But he isn’t burning bridges. Huard raised the remote possibility of returning to UW if he doesn’t encounter intriguing opportunities, and praised DeBoer and Grubb for their steadfast support. He said “obviously they told me they wanted me to stay and be a Dawg and continue to compete and stick it out. But at the same time, they understood the situation. They weren’t going to just tell me something to say it. That’s what I really appreciate about them, how much they care about all the guys on the team, not just me. They really want what’s best for us.”

Meanwhile, what’s best for Washington? After the Huskies failed to sign a high-school signal caller last month, DeBoer said: “Right now we’re comfortable (with three scholarship quarterbacks). We don’t need to just take a quarterback to have a body on the roster. We need to make sure we find the right quarterback that fits the situation, and right now we have three.

“Assuming that’s the situation, we would stay as is unless something else develops. But if it dropped to two obviously we’d have to figure something out at that point.”

Suddenly, the Huskies have to figure something out — whether that means adding a quarterback from the high school/junior-college ranks or the transfer portal. Four-star South Dakota standout Lincoln Kienholz was verbally committed for more than five months before flipping to Ohio State in December.

Huard will be the ninth Husky to hit the transfer portal this offseason — joining safety Cameron Williams (who landed at Georgia Southern), defensive tackle Kuao Peihopa (Hawaii), cornerback Zakhari Spears (UConn), wide receiver Lonyatta Alexander Jr. (undecided), tight end Caden Jumper (undecided), linebacker Daniel Heimuli (undecided), offensive lineman Victor Curne (undecided) and running back Jay’Veon Sunday (undecided). That group does not comprise any consistent starters from 2022.

The Huskies have added seven players from the portal as well: Oklahoma State cornerback Jabbar Muhammad, Cal Poly tight end Josh Cuevas, Arizona State running back Daniyel Ngata, Mississippi State running back Dillon Johnson, Michigan State wide receiver Germie Bernard, Sioux Falls edge Zach Durfee and USC linebacker Ralen Goforth.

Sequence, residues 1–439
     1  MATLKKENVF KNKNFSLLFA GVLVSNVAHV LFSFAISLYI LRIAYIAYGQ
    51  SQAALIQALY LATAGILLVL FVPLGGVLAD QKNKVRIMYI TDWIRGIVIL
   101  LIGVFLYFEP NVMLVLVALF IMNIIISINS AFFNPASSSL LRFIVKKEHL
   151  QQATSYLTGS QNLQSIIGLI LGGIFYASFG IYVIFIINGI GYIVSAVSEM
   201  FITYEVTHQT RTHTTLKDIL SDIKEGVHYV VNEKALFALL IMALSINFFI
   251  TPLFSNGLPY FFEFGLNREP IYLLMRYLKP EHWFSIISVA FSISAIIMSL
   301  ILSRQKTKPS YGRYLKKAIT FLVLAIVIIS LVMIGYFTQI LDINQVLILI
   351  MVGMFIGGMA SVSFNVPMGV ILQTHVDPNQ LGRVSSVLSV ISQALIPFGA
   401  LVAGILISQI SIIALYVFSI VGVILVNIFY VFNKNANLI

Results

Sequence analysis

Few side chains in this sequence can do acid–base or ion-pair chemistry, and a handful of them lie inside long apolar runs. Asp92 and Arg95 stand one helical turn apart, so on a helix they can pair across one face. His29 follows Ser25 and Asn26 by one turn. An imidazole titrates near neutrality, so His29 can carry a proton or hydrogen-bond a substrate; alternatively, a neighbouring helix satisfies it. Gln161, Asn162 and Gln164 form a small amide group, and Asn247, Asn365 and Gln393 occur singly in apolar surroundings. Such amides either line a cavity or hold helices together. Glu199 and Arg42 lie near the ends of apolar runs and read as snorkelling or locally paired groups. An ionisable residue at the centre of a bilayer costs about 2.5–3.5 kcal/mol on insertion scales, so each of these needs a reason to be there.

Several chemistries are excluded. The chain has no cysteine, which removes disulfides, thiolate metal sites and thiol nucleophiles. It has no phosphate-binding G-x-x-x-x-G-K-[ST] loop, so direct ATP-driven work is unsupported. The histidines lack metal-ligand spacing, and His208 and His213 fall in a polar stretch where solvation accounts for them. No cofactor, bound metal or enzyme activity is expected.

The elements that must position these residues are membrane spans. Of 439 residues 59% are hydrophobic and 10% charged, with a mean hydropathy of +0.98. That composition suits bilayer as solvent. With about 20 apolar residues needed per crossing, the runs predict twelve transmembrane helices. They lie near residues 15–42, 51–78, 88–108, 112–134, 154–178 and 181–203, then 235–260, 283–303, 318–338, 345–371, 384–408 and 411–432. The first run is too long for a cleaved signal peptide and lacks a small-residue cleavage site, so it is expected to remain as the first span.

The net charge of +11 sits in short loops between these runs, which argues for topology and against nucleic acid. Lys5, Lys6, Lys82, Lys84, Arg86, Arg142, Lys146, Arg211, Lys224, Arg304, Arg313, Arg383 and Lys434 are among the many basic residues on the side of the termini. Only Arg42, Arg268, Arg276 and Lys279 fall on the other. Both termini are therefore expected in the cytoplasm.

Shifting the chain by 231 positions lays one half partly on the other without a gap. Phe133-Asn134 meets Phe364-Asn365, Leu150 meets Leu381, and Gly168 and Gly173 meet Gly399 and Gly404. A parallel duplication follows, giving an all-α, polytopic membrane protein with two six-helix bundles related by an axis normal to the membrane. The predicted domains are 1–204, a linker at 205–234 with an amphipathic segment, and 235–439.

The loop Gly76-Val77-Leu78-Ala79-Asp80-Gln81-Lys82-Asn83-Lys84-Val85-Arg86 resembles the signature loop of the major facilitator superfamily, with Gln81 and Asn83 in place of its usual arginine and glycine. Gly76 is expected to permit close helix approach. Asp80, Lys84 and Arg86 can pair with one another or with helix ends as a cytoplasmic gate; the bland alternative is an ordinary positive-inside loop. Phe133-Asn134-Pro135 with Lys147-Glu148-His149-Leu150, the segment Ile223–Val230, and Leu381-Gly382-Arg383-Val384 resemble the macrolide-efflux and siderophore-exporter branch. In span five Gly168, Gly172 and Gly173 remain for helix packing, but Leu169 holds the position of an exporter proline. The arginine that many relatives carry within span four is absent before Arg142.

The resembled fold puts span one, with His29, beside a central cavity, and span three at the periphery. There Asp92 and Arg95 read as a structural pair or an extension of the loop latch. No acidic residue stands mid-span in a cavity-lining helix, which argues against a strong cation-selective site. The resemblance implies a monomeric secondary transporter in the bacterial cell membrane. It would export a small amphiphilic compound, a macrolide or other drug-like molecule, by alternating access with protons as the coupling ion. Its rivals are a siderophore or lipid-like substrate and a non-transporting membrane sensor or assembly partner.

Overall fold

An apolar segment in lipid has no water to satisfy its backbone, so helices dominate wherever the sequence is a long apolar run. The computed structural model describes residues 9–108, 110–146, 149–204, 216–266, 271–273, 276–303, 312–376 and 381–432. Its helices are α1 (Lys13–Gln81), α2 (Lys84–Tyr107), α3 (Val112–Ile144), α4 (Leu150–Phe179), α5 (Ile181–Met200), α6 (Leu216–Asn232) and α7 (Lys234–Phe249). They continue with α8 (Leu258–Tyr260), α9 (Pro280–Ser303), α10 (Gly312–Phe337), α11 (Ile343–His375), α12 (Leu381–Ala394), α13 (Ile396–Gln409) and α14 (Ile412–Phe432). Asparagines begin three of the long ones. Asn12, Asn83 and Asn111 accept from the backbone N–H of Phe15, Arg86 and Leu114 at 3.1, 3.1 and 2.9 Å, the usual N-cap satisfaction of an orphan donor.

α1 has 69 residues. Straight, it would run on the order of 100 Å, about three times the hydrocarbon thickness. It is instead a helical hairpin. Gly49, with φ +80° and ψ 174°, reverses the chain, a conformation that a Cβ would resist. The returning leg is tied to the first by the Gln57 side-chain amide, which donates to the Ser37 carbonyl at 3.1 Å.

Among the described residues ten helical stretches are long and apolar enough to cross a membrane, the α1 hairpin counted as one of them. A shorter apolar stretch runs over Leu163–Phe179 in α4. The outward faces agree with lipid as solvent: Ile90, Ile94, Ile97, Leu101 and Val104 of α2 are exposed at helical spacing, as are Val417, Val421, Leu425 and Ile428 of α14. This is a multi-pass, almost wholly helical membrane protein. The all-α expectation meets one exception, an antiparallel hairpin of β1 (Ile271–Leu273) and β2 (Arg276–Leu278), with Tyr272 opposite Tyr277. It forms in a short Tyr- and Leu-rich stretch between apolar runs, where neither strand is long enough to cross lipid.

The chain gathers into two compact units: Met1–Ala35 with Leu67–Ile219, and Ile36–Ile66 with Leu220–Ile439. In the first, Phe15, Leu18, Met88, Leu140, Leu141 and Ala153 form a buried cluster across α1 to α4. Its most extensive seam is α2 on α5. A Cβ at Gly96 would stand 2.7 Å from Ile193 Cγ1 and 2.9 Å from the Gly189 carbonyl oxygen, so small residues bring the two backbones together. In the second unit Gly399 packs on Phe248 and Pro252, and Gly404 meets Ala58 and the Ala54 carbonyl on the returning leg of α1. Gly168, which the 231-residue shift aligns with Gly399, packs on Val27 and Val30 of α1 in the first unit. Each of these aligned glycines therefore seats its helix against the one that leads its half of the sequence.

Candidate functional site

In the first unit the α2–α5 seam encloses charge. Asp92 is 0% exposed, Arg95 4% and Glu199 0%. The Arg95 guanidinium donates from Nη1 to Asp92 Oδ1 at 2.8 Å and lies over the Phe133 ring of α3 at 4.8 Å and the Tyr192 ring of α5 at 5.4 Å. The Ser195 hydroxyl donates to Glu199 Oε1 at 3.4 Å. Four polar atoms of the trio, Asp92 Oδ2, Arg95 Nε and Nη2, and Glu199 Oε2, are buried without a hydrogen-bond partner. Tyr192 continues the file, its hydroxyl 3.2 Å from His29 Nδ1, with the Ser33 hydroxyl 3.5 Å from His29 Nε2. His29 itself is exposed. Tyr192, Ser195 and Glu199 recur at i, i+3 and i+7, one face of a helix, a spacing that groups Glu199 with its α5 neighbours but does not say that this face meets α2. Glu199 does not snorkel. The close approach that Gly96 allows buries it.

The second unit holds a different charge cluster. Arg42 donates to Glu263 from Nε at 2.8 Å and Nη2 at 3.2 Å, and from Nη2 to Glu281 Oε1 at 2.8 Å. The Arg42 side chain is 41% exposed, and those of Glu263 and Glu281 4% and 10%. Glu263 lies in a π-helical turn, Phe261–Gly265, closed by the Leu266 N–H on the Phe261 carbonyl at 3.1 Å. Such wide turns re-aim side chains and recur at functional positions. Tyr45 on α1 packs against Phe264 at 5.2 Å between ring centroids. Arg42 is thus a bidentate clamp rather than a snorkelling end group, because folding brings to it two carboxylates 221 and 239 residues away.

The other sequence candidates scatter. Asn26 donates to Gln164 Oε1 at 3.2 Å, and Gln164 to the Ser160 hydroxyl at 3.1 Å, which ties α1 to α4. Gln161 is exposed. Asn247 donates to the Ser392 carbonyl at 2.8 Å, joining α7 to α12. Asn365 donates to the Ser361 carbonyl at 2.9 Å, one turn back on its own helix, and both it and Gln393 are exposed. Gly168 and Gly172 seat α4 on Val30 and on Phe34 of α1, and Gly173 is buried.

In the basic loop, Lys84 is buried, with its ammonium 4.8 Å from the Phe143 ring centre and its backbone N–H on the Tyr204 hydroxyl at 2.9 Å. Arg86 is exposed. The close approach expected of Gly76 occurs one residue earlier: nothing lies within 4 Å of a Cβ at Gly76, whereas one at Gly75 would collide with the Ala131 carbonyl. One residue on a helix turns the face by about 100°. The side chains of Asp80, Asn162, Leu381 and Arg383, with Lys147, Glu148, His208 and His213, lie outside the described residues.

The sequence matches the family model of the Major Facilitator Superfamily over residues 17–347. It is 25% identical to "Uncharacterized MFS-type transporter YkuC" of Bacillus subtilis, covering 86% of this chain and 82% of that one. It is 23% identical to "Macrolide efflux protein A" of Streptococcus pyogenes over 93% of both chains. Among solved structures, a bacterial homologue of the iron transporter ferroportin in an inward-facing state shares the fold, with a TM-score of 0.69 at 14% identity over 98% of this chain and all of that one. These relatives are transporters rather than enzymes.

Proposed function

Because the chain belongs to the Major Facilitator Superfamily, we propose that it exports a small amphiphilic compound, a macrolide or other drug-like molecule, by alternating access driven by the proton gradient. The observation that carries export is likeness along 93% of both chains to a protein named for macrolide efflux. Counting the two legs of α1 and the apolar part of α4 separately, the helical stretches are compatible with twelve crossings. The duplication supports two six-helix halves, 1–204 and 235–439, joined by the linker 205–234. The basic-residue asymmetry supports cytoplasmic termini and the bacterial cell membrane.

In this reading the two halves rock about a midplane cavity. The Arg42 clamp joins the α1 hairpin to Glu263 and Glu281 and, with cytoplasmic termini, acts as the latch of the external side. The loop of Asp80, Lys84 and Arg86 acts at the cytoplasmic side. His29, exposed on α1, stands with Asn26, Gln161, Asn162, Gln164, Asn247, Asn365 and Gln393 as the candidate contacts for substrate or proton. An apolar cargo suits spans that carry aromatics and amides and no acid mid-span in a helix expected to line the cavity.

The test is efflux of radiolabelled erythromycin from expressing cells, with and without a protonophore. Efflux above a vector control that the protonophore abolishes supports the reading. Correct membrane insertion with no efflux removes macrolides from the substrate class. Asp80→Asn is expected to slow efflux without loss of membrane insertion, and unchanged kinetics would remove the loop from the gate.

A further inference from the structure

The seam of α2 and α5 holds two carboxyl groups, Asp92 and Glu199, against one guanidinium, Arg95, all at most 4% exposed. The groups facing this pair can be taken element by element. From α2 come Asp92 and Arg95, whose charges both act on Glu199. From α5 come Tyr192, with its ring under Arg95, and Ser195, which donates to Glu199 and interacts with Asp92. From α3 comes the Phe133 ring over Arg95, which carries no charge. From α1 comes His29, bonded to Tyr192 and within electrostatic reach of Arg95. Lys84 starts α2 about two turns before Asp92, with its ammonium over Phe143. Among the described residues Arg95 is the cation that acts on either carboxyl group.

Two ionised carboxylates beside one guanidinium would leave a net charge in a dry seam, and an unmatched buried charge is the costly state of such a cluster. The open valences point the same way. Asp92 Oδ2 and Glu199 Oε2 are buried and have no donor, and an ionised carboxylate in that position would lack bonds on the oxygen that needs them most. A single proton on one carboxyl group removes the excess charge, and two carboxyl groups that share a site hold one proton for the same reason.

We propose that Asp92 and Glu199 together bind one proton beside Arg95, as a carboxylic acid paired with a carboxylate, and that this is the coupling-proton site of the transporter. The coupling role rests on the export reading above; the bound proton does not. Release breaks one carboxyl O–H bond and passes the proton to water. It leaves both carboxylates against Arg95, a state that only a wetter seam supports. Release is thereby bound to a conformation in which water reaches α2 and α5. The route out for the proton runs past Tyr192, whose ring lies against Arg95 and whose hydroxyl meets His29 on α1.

Of course, adding transfer portal talent comes at a price — and Huard’s situation is proof of that. While there are avenues to instantly improve, those additions also yield inevitable exits.

Penix’s success, while paramount, swallows opportunities for others.

“I’ve grown up a Husky my whole life. It’s all I’ve known. It’s been my dream forever and it’s been my goal forever to play here,” Huard said. “So I just think that was just the main thing that [pushed] me to stay here. [I thought] even though I’m not going to be the guy this year, I’m still going to go compete to be the backup, and I know there’s a lot of value in that as well.

“But at the same time, just my desire to go play right now … I really didn’t get a senior year of high school. I played in three games in the spring (of 2021) and then I got to UW, and obviously these first two years at UW I haven’t played. That’s just a long time. Not playing in three years has definitely been tough. It’s what I love to do. I love to be out there. I love playing, and there’s no reps like game reps on that development side of it.”

For Huard, game reps have been few and far between.

So he’ll chase a different dream.

“It’s by far the hardest decision I’ve had to make in my life, just because of how much this place means to me and how much I love being a Dawg and how much I try to value that and represent it the best way possible,” Huard said.

“Whatever opportunity I get next, I’m going to make the most of it, and I’m not going to regret my decision or look back or anything. I know I’ve made this decision and I’m going to move forward with it. I’m just going to try to make the most of it and do my best.”